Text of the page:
MU is taking another step this week in securing the $8.1 million needed for the new Life Sciences Incubation Center on Research Reactor Field.
The center is part of a statewide effort to create economic development from the life sciences-related research done throughout the University of Missouri system.
Later this week, the University of Missouri Board of Curators will consider committing a part of Research Reactor Field to economic development for the next 20 years. This commitment is required in exchange for $2.5 million in grants from the U.S. Economic Development Administration.
If MU fails to comply with its commitment, it would be required to refund the federal government a share of the value of the property on South Providence Road.
MU has committed $2.5 million to the project — $1.7 million in cash and another $800,000 in land value and site preparation for the new center. This still leaves $3.1 million to be raised by the incubator project from local businesses, surrounding counties, private foundations, alumni and other individuals, according to documents prepared for the curators’ meeting.
The center will be operated and managed by a nonuniversity entity, according to a purpose and use agreement that the curators will vote on when they meet Thursday and Friday in Mount Vernon.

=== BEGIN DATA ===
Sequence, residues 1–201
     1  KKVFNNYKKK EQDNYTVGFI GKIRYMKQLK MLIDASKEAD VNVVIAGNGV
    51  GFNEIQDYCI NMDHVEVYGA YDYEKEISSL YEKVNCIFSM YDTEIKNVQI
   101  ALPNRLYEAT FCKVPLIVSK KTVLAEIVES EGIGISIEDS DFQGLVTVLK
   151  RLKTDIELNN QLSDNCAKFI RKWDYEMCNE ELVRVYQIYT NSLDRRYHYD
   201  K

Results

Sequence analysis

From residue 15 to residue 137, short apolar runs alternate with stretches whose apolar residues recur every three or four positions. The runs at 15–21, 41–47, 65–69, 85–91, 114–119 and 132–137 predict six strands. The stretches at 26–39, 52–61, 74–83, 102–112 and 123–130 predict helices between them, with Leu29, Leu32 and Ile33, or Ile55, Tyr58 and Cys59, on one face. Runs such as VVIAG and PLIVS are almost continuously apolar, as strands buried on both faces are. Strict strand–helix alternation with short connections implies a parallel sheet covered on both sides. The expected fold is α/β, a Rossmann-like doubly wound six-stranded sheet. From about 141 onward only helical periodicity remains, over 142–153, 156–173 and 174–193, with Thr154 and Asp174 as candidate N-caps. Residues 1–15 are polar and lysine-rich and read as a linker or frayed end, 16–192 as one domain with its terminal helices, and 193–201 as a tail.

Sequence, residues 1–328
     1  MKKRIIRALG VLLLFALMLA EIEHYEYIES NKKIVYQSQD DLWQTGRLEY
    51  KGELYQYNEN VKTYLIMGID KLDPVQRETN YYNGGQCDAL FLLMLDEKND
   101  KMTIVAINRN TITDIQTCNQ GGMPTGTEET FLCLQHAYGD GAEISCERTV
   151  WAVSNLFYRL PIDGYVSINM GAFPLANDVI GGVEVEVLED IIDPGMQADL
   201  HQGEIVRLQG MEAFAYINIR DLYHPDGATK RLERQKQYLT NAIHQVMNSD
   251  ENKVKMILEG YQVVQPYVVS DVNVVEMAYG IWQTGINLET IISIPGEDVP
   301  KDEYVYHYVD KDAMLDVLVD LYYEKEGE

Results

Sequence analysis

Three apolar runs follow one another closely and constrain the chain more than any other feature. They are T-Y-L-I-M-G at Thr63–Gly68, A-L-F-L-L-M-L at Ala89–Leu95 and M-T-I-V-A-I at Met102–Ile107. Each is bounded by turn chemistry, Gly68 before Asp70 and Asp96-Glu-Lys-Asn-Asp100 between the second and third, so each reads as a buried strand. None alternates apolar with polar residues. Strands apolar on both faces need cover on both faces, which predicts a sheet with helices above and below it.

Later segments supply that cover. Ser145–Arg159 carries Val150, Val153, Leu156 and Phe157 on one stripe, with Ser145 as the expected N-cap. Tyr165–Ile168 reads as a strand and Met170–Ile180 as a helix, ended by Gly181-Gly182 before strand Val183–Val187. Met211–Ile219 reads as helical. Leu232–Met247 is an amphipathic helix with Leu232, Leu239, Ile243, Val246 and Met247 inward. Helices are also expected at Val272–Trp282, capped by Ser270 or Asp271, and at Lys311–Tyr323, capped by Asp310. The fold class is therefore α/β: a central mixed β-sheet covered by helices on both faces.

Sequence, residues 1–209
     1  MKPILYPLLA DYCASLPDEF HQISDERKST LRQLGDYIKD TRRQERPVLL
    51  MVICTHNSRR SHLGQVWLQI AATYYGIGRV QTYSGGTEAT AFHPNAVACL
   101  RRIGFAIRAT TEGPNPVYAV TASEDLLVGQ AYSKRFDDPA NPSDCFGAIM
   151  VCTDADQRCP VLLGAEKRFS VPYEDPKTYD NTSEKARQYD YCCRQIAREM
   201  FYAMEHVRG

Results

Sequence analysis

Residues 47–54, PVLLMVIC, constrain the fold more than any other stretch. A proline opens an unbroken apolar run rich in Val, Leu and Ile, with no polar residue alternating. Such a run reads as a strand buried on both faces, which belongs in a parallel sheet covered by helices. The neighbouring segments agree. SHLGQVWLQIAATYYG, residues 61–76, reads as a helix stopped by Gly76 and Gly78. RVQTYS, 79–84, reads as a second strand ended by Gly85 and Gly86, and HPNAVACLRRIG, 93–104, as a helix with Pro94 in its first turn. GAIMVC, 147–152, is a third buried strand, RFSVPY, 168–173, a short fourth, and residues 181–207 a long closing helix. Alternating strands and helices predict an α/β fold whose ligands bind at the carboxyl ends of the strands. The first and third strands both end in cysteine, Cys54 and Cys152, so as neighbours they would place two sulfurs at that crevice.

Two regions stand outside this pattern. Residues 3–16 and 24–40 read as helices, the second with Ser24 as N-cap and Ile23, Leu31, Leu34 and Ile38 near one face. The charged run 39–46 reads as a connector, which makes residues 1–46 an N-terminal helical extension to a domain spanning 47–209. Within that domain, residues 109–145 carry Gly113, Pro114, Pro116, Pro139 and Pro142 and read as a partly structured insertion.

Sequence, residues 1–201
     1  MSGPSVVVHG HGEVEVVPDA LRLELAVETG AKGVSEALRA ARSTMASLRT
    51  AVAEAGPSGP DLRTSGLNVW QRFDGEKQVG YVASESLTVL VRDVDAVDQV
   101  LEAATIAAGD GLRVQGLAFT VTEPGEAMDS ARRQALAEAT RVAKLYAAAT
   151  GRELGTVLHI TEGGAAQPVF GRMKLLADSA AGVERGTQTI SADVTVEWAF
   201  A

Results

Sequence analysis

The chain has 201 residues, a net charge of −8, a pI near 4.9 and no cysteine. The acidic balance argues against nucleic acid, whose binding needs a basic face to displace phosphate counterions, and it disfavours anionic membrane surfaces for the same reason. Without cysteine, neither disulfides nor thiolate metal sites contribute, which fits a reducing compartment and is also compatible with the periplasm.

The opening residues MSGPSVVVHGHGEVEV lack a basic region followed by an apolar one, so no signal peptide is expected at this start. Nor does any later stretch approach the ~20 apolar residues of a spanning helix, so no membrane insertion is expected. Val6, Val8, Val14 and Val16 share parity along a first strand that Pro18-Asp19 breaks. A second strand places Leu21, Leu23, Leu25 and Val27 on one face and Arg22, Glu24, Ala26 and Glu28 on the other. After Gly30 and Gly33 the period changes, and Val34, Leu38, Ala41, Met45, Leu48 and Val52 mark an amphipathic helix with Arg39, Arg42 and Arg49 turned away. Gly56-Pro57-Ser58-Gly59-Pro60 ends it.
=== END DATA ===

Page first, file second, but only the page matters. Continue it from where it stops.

Jake Halliday, who is spearheading the project, said the incubator will get assistance from the state for initial funding of operations until it can run on the revenue generated from the operations. The initial operating revenue will also come from other sources.
The statewide economic-growth effort also includes the $60 million Life Sciences Center that will formally open Sept. 17. The incubator is meant to provide mentoring programs, seed grant opportunities and help to match up parties that have similar interests to help small and mid-size technology companies flourish in Missouri, Halliday said.
The center will also serve as a laboratory for students who are studying entrepreneurship at the MU College of Business.
So far, the private funding of the center has reached $250,000, Halliday said. The goal is to raise the remaining $2.85 million by March or April of next year. They have a limited amount of time to raise the private funds without losing the federal grant.
“I am excited that our federal funding strategy has been so successful,” he said. “MU has also done their share of contributing funds. Now it is time for the business community to do their share.”